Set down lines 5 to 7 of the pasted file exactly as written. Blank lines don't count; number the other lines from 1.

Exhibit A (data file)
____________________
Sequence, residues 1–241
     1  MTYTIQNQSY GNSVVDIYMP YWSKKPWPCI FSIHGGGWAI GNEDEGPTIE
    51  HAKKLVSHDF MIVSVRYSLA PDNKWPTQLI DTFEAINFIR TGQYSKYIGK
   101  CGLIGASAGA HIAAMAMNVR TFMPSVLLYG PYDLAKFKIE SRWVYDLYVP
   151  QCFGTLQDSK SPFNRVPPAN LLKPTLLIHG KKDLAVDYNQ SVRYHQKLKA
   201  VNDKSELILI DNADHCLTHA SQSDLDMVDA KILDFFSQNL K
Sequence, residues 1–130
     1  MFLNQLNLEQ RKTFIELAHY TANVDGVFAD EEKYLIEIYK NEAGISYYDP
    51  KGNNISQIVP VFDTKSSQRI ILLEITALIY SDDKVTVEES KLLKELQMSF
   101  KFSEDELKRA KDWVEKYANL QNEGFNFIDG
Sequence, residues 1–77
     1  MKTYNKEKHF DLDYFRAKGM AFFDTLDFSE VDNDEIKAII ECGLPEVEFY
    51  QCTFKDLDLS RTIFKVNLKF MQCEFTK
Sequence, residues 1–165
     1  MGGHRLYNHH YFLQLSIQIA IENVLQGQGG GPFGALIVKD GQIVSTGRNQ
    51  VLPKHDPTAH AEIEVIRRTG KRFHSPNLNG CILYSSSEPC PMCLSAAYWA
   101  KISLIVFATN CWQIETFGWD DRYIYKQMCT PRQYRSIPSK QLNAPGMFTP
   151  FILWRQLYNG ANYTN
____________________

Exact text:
   151  QCFGTLQDSK SPFNRVPPAN LLKPTLLIHG KKDLAVDYNQ SVRYHQKLKA
   201  VNDKSELILI DNADHCLTHA SQSDLDMVDA KILDFFSQNL K
Sequence, residues 1–130